Two days trapped in the house by a dusting of snow has not been my idea of a good time. That was quite a dusting, wasn’t it? As dustings of snow go, I would hazard a guess this one probably set some records.
The Weatherwoman Who Cried Wolf chose an unfortunate moment to be conservative in her forecast. As so often happens, there were cries for her head at my house. Or rather, for her firing. And not just for the inaccuracy of the forecast. I call for her head on a stick whenever I find the forecast distasteful. Killing the messenger — and let’s be clear, we are speaking figuratively here — may not be particularly effective, but it can be very satisfying.
I learned this technique from my little sister who regularly called for Tom Coughlin to be kicked to the curb whenever the Giants found themselves playing catch-up going into the third quarter. Which was not unusual. Cries of “Fire the coach! I want him out of here!” would reverberate through the house with every single play that went south. An interception by the opposing team could bring on screams for Coughlin’s job that would leave your ears ringing for a week.
Later on in the game, if the Giants managed to pull it out and ultimately win, which then, unlike now, was not all that unusual, she would begrudgingly hire the coach back. “OK, you can have your job back,” she’d say to the television. “Just do better next week,” and then we’d finish off the chips and dip.
She came by it honestly. Though she probably didn’t remember it since he died when she was only three, our grandfather coached professional wrestling matches from the edge of his red vinyl couch every Saturday afternoon. There was often more action in his living room than there was on the screen. He died of a massive heart attack while still in his 60s, and though it was never confirmed, I always suspected the heart attack was the result of a wrestling match gone spectacularly wrong.
Like grandpa, my sister’s gone now, and if there is a hereafter, and there are professional sports there, (which I realize is a lot of ifs), it must be quite something with the two of them screaming bloody murder at the angelic blood sports on their celestial screens.
But I have since come to the conclusion that there is absolutely no reason to limit screaming at the television to sporting events. I have expanded the family quirk to weather prediction. I fire the forecaster every time I find a forecast distasteful. Then, if the forecast proves true, I fire her again. And if it’s wrong or inadequate, guess who I’m sending to the unemployment line? You got it. Fired one more time.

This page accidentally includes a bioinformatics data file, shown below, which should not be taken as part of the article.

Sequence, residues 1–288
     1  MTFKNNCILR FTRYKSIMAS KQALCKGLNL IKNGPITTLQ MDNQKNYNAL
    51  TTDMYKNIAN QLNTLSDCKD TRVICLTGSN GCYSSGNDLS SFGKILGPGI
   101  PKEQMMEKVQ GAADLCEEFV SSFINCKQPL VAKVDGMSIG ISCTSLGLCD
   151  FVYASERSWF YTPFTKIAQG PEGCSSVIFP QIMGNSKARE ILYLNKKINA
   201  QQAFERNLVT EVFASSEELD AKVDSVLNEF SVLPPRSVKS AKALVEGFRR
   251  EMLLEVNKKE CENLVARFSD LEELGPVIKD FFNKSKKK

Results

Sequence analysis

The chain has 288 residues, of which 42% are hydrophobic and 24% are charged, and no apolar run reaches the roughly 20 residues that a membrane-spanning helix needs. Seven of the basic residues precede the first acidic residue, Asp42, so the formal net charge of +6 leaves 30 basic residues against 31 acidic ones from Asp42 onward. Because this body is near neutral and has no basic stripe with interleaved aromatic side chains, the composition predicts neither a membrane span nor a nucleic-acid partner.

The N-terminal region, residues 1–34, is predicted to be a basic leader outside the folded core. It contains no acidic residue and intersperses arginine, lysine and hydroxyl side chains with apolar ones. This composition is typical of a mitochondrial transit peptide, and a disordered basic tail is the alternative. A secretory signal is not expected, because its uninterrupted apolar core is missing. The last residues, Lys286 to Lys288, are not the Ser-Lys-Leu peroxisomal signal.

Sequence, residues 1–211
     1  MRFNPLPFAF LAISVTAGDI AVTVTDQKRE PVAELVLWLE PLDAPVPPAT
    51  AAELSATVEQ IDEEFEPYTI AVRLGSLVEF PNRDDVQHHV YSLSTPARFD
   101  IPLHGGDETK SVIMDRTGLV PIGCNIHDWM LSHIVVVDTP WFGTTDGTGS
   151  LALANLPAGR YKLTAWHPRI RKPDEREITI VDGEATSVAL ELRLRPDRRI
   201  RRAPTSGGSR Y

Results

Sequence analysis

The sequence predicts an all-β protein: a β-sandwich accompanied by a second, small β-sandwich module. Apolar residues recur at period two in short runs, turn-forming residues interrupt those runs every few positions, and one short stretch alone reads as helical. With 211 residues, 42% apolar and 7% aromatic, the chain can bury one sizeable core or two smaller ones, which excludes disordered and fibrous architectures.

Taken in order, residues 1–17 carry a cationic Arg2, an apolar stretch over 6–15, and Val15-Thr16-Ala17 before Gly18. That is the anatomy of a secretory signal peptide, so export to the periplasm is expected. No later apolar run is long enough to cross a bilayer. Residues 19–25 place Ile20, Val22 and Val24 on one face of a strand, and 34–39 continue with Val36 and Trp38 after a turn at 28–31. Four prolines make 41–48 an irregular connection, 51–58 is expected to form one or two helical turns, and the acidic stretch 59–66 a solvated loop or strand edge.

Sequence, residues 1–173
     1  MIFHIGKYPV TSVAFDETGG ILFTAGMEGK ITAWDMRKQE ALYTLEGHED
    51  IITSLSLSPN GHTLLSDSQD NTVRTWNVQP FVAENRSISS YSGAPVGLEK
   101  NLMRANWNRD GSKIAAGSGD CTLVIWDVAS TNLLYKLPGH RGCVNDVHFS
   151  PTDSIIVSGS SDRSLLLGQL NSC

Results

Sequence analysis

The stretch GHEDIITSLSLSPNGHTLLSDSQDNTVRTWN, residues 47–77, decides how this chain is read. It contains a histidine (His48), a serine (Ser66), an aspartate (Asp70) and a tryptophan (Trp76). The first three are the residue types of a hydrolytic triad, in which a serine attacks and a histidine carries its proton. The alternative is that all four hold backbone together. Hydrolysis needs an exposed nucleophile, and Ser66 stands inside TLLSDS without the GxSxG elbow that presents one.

Because this stuff is serious. I have a 30-mile commute in each direction, and my blood pressure can only take so much white knuckling. I don’t want the snow to do to me what wrestling did to Grandpa.
Up until now, I’ve taken comfort that most of that commute is via interstate highway, which I rationalized was safer than the curvy country roads. Seems like the interstate would be the best maintained of my possible routes and the first to be cleared, and besides, it would have enough traffic that the accumulation of snow and ice wouldn’t be nearly as bad.
These assumptions have all proven faulty. Most of the traffic on I-77 during a snowstorm consists of great big trucks who are speeding down the highway at exactly the same speed they would be traveling if it was sunny and seventy degrees. Which, in white-out conditions, makes my white-knuckled 40-miles-an-hour creeping pace in the right lane more than a little dangerous.
So, yesterday, when the four-inch dusting of snow was causing multiple trucks to fall off the highway, I decided to work from home. And learned why having an unlimited supply of coffee and nowhere to go during the workday was not a good combination.
And then today, with trucks falling off the highway again, I did what I had never done before. Let the snow keep me from going to work two days in a row. Back in the day, a foot of snow didn’t keep me at home. And three feet only kept me home for a day.
Which is why I miss public transportation. Commuting in snow and ice is a job best left to professionals. Sure, a derailed train can kill you just as fast as being run over by an out-of-control tractor-trailer, but the great thing is you don’t have to worry until the train is careening off the rails. Unlike driving, which is nothing but misery start to finish, even if you make it to work and back unscathed.
So I’m going to keep firing weather forecasters until there’s a Mount Airy to Elkin commuter train, preferably one that runs at least hourly, even when it snows. And a club car would not go unappreciated.
Reach Bill Colvard at 336-415-4699.